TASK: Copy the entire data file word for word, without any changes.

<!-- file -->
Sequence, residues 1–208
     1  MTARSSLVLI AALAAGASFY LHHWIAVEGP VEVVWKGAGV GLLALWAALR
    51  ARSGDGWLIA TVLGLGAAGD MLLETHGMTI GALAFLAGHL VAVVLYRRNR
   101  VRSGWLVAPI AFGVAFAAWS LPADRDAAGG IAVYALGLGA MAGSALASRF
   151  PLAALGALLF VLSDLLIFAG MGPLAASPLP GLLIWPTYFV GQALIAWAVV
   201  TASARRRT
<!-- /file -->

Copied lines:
Sequence, residues 1–208
     1  MTARSSLVLI AALAAGASFY LHHWIAVEGP VEVVWKGAGV GLLALWAALR
    51  ARSGDGWLIA TVLGLGAAGD MLLETHGMTI GALAFLAGHL VAVVLYRRNR
   101  VRSGWLVAPI AFGVAFAAWS LPADRDAAGG IAVYALGLGA MAGSALASRF
   151  PLAALGALLF VLSDLLIFAG MGPLAASPLP GLLIWPTYFV GQALIAWAVV
   201  TASARRRT